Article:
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Nostalgia (nóstos), meaning “homecoming”, a Homeric word, and (álgos), meaning “pain, ache”, and was coined by a 17th-century medical student to describe the anxieties displayed by Swiss mercenaries fighting away from home. Ruth Ammon, set designer for the AMC television series, Low Winter Sun, used this word to describe the series in its most honorable sense. This tale of morality uses the architecture of Detroit’s heyday, to embody the pride of the city which elevated middle working class life.
It is poignant that the city’s decline is also apparent in every frame, rather than pimping these noble structures like urban porn. Whether featuring Albert Kahn’s Packard Automotive Plant, 1903-11 (the production offices were next door to this location, one of the largest parcels of unoccupied real estate in the Western hemisphere); Kahn’s Detroit Police Headquarters at 1300 Beaubien St., 1923 (given the same role in the series, but now under threat since the PDP moved out); the art deco David Stott Building of 1929 by Donaldson and Meier; St. Hyacinth Roman Catholic Church, 1924 by Donaldson and Meier; or the Venetian Gothic Ransom Gillis House, 1876-78 (documented extensively by photographer Camilo Jose Vergara), these were deliberate choices.
SANAA’s winning Taichung Cultural Center entry. (Courtesy SANAA)
SANAA, together with Taiwanese studio Ricky Liu & Associates Architects + Planners, have won a competition to design the Taichung City Cultural Center. The competition, which was announced last May, asked participants to design a complex that would not only include a new public library and fine arts museum, but would form a dramatic entryway to the the city’s Gateway Park.
One of the finalists, ArtCloud. (Courtesy Figment)
Take a ferry over to Governors Island in New York Harbor before September 22 and you’ll stumble across a massive white cloud made up of thousands of reused milk jugs. Venture inside that cloud, and you’ll be mesmerized by thousands more plastic soda bottles partially filled with blue liquid that creates an otherworldly gradient of filtered light overhead. The so-called Head in the Clouds pavilion, plopped in a grassy field on the island, is part of the annual FIGMENT festival, a celebration of arts and culture that brings a series of imaginative installations, including an unorthodox miniature golf course.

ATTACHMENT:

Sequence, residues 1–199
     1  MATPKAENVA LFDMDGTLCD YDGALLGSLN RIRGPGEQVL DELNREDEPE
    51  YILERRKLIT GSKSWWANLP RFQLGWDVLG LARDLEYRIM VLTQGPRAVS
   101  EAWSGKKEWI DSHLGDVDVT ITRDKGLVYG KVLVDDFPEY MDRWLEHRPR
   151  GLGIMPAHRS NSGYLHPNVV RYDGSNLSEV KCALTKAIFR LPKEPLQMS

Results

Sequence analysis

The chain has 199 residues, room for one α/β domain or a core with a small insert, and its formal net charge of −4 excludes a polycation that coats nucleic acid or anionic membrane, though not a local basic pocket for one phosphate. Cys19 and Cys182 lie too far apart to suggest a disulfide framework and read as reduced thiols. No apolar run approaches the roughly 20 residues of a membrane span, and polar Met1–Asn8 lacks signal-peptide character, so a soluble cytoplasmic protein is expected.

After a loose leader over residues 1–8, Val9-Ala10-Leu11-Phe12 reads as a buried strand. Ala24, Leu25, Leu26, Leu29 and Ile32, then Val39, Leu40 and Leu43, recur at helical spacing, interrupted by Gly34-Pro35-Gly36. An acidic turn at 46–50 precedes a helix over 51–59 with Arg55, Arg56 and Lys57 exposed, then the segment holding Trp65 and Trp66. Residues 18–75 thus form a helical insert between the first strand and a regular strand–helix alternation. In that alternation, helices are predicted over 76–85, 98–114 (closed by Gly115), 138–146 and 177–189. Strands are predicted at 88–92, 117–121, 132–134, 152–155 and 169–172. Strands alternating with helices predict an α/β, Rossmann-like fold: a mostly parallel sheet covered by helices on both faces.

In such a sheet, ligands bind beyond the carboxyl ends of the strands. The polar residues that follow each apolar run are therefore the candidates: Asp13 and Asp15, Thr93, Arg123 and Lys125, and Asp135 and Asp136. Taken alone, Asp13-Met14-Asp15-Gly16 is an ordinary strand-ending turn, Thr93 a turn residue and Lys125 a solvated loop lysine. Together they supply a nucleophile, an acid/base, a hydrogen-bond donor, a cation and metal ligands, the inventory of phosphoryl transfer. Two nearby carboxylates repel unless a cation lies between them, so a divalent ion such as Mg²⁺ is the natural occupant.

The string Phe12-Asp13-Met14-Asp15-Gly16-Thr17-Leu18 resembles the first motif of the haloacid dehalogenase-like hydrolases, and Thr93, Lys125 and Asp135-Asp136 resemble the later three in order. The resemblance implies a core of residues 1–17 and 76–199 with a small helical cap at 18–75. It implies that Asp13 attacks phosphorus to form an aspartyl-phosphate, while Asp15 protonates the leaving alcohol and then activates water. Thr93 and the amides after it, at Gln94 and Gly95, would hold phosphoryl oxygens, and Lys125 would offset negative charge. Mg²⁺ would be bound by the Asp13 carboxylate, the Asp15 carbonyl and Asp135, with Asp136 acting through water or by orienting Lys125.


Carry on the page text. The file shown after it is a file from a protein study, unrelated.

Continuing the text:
In partnership with AIANY’s Emerging New York Architect (ENYA) committee and the Structural Engineers Association of New York, the “City of Dreams” competition selects a pavilion designed by a young designer or practice to be built the following summer, and this year’s shortlist has just been announced.
Philip Johnson’s Crystal Cathedral (left), Richard Neutra’s Tower of Hope (center), and Richard Meier’s Center for Possibility Thinking (right). (Courtesy Diocese of Orange)
Anaheim’s Crystal Cathedral, designed by Philip Johnson in 1980, and containing more than 10,000 panes of mirrored glass, is one of Orange County’s rare architectural treasures. Today the Roman Catholic Diocese, which purchased the church last year, announced that Johnson Fain and Rios Clementi Hale will be leading its $29 million renovation. The exterior of the building will be essentially unchanged outside of cleaning and replacing damaged glass, but the interior will be heavily remodeled to upgrade access, sight lines, finishes, and environmental comfort. The renovation will also add significant new elements to adapt to the church’s new Catholic focus (it had once been an evangelical church), including a new altar, a baptismal font, and new cathedral doors. “It’s an open palette inside,” said Diocese spokesperson Ryan Lilyengren, who likened the iconic exterior to a shell.